We asked our Facebook friends what they thought Jesus might tweet. Some didn’t think He’d tweet at all, but here are a few helpful and clever responses:
Jesus would tweet “Fear not” every day! 366 fear not’s—one for the leap day, too. —Sylvia Appakudom.
“I am with you till the end of time.” —Eke-tsano Nhiwatiwa.
“Follow Me, and I will make you followers of My Father.” —Eileen Whyte.
“Come to heaven to Me.” —Jessy Jiheng.
“Am coming soon; this is not a threat, but a promise.” —Samuel Mwangi.
“Am available 24/7 if you need Me.” —L. Pofaiva Fotu-Fonua.
“Follow Me; I will lead the way with love.” —Marie Jooste.
“Coming!” —Ruth Acevedo.
My son, age 6, is a budding missiologist. After a recent trip he said to me, “Dad, I have an idea. I think I know how we can share Jesus. Let’s learn everything about others, except worshipping idols. Then let’s learn the language. Then let’s translate the Bible for them so that we can share with them about Jesus.”
—Michael W. Campbell, Silang, Cavite, Philippines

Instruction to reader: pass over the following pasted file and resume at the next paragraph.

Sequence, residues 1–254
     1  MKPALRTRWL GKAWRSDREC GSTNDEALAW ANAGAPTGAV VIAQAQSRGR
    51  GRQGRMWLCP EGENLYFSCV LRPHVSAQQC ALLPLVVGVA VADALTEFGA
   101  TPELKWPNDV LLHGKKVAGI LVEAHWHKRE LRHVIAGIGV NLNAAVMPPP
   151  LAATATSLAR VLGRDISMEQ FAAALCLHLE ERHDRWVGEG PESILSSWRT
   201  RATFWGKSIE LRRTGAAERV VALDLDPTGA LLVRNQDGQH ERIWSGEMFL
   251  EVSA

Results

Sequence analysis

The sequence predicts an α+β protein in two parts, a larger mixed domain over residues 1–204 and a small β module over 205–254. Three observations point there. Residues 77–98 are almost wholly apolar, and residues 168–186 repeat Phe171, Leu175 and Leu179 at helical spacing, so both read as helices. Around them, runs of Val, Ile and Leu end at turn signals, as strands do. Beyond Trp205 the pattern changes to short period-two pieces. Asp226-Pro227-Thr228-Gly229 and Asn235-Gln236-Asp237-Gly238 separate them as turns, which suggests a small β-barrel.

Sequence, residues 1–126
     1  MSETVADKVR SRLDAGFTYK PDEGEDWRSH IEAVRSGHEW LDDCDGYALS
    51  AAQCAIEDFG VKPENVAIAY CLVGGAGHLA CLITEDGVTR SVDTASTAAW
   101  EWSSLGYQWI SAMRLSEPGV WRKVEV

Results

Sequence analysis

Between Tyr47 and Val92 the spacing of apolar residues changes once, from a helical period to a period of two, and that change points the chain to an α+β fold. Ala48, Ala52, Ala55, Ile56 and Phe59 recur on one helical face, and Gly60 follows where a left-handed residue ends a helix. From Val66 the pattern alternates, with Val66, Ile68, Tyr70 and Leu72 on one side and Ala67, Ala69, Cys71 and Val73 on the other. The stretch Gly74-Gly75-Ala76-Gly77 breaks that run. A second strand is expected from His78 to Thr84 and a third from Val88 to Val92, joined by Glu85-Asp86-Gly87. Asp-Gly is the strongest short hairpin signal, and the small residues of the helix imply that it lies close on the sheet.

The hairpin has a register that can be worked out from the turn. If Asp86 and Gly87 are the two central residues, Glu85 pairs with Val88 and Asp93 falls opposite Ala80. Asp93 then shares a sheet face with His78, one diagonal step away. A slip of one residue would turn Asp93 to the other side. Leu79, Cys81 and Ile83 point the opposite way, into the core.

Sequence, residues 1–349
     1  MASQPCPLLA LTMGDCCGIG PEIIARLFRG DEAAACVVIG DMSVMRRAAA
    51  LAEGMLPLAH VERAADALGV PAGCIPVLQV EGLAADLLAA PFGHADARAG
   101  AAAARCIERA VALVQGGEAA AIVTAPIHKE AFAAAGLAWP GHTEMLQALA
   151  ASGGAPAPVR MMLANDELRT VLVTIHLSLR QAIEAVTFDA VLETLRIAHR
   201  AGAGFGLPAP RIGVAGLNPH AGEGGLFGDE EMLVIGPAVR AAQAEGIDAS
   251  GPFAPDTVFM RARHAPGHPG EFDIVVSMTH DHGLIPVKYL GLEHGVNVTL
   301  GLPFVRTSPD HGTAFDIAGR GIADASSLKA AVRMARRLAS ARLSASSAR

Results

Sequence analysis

—Larry Blackmer, May 11, 2015, commencement address at Southern Adventist University in Collegedale, Tennessee
The first camp meeting of the Seventh-day Adventist Church was held September 1-6, 1868, in Wright, Michigan. On the editorial page of the August 18, 1868 Review, prospective attendees were told that the meeting’s purpose was not “recreation and vanity.” Preachers and people, and the unconverted, were invited for meetings that would help all seek God and become converted.
Directions were given to the campground, on the farm of E. H. Root, with a grove that would seat 3,000. Instructions on how to make a simple tent were printed in that same Review. The first meeting on Tuesday morning was designated for prayer (Ellen White spoke for the “keynote address” that evening). The meetings were held in a natural amphitheater, with the attendees assembled under sugar maple trees facing the speakers’ stand.
The Wright camp meeting was so successful that plans were laid, before it even concluded, for two more that fall: Illinois in September, and Iowa in October.
—For more, visit www.library.ellenwhite.org.